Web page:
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Figure 1: Approximate mean sex-steroid levels in plasma in males and females.
Figure 2: Models of genotype–sex interactions reflecting genotype effects that differ between males and females.
Figure 3: Sex-specific prevalence rates, age of onset and sex ratios for common sex-skewed diseases.
Figure 4: Sex-specific heritabilities in males and females.
Figure 5: Strategy for discovering sex-specific eQTLs contributing to sexual dimorphism in disease risk.

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Acknowledgements

The authors are grateful to R. Rosenfield and J. L. Nelson for discussions, and to S. Khosla and E. Atkinson for providing primary data on sex-steroid levels in adults. The authors are supported in part by National Institutes of Health (NIH) grants HD021244, HL070831 and HL085197 (C.O.), GM077959 (Y.G.) and T32 HL07605 (D.A.L.). Y.G. is also supported by the Sloan foundation.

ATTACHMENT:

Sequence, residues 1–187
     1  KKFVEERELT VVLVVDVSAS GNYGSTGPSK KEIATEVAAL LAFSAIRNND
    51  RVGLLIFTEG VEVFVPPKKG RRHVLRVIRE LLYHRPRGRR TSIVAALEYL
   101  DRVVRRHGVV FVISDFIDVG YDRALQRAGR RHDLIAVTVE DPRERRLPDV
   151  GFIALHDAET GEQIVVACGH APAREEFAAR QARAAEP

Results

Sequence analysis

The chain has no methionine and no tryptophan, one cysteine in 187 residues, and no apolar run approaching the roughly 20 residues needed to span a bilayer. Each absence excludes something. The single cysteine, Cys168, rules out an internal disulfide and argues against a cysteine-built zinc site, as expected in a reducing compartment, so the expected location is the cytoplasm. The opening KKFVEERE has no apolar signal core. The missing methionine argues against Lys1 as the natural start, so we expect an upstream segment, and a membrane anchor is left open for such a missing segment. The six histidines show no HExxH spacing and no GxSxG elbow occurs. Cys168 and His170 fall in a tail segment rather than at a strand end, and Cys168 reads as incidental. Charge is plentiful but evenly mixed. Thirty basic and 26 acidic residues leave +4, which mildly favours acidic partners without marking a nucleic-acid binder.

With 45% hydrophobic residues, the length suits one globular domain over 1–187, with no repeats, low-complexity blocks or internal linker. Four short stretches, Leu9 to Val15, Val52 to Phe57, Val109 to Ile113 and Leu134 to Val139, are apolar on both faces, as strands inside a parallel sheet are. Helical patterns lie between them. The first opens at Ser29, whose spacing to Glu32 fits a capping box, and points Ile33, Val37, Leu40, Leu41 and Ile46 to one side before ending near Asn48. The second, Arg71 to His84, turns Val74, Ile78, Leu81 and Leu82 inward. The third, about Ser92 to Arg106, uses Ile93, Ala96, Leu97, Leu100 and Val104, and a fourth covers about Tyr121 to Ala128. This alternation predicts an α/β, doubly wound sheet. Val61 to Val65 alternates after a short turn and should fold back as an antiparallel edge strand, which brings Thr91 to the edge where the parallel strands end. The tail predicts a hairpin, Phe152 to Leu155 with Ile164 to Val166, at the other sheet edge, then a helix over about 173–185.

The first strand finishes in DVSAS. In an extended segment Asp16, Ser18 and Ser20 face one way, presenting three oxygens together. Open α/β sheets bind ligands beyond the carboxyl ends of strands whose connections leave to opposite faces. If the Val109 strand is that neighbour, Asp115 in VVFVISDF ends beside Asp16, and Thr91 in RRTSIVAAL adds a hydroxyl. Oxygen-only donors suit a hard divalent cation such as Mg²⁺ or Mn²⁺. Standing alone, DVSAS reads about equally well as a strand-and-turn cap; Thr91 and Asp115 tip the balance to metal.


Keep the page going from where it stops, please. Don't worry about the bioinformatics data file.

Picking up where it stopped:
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Glossary

Heterogametic

Refers to the sex that produces gametes that have two different sex chromosomes. In mammals, males are the heterogametic sex (XY) and females are homogametic (XX), whereas in birds females are heterogametic (ZW).

Genetic architecture

Refers to the underlying genetic basis for a trait.

Pyloric stenosis

A common birth defect that results from the narrowing of the pylorus (lower part of the stomach), which prevents food and other stomach contents from passing into the intestine. This condition causes severe vomiting in infancy. Also called infantile hypertrophic pyloric stenosis.

Regulatory genome

The total set of different DNA molecules of an organelle, cell or organism that are involved in the regulation of gene expression.

Sexual selection

Differential reproductive success resulting from the competition for fertilization, which can occur through competition among the same sex (mate competition) or through attraction to the opposite sex (mate choice).

Ontogenetic conflict

Occurs when the same allele has different fitness consequences in juveniles and adults or in males and females.

Expression QTL

(eQTL). Loci at which genetic allelic variation is associated with variation in gene expression.

Alloimmune